"Phil, this is Greg. The colonel wants to see you in his office, ASAP." . . .

a new picture from El
illustration by Vicky Perry

© Copyright 1995 Gene Moser

Gene Moser grew up as an "army brat" in Texas, Oklahoma,Wisconsin, Japan, Massachusetts, and Virginia. He graduated fromFishburne Military School and the College of William and Mary. Genespent twenty-seven years as a field artillery officer, including atour in Korea. Since 1968, Gene has taught in the Hampton CitySchools. He and his wife have two adult children "and animals toonumerous to mention." Gene has been published in the William andMary Review and writes for Military Brats of America.(3/96)

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Sour Balls and Wiesbaden

by Carole Bellacera


Following is a brief excerpt from the story:

. . . On Christmas Eve, after the scene in the darkened little room, we'd finally gone out to dinner, even though we weren't really hungry. I think we both craved the gaiety of a German tavern. The music was loud and boisterous, the beer dark and bitter, icy cold. We stared at each other across a grained wooden table, our fingers touching, trying to find that connection we'd somehow lost.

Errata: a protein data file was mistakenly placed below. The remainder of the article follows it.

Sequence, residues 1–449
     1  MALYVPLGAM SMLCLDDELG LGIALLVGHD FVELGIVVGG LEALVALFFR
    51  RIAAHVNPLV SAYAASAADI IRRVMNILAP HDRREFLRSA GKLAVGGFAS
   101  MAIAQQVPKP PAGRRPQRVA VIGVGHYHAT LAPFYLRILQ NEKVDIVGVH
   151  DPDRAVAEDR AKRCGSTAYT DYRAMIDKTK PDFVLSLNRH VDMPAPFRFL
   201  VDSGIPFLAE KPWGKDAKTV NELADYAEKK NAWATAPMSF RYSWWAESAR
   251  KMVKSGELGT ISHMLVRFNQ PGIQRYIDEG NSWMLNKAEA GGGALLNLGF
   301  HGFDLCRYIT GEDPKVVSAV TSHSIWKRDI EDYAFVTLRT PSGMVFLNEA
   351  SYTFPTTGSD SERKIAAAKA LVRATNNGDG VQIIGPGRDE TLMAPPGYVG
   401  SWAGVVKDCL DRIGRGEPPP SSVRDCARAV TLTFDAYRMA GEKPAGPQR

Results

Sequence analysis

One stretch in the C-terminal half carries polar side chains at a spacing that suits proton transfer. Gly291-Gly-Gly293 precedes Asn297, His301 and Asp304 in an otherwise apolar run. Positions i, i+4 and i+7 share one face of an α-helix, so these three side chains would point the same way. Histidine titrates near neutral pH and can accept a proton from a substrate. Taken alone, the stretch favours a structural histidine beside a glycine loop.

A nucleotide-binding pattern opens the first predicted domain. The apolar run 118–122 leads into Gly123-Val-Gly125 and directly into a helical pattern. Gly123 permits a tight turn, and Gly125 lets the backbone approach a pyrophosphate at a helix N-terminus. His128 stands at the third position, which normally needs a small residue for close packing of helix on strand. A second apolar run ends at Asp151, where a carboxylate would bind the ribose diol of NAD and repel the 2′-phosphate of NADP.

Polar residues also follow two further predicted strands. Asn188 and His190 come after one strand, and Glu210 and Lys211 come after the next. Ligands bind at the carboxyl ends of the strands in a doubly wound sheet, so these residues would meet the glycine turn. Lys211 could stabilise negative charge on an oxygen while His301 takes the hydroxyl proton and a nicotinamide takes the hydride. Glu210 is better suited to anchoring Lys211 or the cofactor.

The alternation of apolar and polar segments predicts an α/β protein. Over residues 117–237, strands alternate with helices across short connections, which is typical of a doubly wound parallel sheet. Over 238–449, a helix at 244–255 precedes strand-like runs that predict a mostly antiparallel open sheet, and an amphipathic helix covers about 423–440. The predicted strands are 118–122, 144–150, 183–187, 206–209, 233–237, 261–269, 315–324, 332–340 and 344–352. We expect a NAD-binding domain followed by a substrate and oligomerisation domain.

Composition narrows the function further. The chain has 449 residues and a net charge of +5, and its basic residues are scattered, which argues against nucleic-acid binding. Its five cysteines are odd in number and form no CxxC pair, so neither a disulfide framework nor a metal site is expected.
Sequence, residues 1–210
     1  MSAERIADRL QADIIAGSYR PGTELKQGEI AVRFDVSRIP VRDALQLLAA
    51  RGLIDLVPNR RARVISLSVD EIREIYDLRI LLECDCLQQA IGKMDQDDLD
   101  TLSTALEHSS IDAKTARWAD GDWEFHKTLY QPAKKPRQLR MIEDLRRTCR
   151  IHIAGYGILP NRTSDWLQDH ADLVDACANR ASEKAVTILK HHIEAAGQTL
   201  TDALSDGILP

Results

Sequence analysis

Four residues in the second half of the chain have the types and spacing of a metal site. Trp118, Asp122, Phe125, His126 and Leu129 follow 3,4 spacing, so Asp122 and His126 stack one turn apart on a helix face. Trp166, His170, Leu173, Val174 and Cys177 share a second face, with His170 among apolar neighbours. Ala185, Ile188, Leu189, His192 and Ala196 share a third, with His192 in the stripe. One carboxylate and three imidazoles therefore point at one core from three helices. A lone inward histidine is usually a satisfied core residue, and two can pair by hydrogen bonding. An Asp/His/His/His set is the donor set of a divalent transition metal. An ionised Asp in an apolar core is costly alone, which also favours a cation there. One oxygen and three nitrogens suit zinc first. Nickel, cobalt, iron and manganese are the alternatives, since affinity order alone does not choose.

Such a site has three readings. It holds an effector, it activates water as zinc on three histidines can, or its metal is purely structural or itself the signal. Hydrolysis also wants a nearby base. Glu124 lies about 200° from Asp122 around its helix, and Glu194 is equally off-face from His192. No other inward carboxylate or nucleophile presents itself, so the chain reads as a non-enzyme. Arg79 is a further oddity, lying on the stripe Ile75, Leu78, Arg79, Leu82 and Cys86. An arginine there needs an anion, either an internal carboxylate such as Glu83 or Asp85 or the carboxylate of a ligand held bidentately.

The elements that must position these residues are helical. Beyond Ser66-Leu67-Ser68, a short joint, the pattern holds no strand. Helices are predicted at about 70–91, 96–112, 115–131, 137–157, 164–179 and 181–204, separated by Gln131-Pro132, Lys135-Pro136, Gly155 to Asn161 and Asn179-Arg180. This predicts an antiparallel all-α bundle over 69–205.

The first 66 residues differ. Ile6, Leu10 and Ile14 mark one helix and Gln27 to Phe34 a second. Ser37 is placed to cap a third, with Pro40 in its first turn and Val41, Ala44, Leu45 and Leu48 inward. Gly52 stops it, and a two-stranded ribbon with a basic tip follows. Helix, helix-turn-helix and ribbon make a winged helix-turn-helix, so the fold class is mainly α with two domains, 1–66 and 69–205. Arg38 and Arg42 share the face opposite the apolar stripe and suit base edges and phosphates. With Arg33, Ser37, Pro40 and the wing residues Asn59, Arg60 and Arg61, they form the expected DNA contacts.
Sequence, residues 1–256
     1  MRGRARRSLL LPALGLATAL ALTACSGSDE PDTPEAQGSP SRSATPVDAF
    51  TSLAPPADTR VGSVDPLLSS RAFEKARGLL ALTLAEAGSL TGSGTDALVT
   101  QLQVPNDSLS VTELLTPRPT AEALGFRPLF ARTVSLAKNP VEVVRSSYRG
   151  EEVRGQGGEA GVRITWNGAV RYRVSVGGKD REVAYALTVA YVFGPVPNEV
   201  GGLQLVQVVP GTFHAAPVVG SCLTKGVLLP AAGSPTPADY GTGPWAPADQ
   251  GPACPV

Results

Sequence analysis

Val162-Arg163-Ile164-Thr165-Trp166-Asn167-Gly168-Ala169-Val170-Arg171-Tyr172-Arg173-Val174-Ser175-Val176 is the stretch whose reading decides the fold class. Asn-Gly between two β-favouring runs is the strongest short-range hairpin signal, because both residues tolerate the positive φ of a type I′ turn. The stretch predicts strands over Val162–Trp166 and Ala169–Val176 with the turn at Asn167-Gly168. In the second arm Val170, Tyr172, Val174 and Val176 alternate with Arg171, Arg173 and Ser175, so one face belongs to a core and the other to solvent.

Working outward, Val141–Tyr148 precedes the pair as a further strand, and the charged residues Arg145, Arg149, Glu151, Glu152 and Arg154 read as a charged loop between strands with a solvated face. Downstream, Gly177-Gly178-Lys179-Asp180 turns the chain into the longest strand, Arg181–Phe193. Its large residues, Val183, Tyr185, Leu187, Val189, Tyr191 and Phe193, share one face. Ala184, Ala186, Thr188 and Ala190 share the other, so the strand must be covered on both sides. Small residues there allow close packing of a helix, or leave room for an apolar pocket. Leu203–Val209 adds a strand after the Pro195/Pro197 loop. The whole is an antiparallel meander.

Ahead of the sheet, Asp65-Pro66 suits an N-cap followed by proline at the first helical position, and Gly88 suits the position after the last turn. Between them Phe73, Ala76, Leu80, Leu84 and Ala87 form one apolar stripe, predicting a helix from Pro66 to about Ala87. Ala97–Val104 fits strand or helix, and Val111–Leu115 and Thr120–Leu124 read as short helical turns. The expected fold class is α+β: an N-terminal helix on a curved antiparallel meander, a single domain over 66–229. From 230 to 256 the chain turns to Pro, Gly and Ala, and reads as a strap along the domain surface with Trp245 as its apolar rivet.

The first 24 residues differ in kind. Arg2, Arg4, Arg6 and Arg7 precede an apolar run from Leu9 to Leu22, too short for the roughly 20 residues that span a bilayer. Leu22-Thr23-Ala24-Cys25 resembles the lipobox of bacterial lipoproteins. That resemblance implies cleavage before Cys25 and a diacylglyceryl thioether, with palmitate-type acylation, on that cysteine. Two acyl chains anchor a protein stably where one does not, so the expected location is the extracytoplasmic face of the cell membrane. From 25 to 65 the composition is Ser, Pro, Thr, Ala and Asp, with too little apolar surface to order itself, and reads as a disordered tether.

"We can make it work, Jon," I said, in a low urgent voice. "If it's the distance, we can work around it. You can come down to Greece, and I can always fly back up here."

"Yeah," he said, but I saw his hand tremble on the handle of his beer stein, and a sharp thrill of fear went through me. The sound of a lively polka filled the room. I hated the military for tearing us apart...again. Twice before it had happened, but this time I sensed it would be the last. . . .


© Copyright 1995 Carole Bellacera

Carole Bellacera served as a medical technician in the Air Forceand is now a full-time writer. She met her husband (who retired aftertwenty-one years of service) while she was in the service, and theirtravels with the Air Force have contributed ideas and settings to herwriting. Carole has been published in numerous magazines and hasseveral writing prizes to her credit, including the 1994 novelcontest sponsored by the National Writers Association. Her screenplay"Border Crossings" won the Great American Script Search competition.(1/96)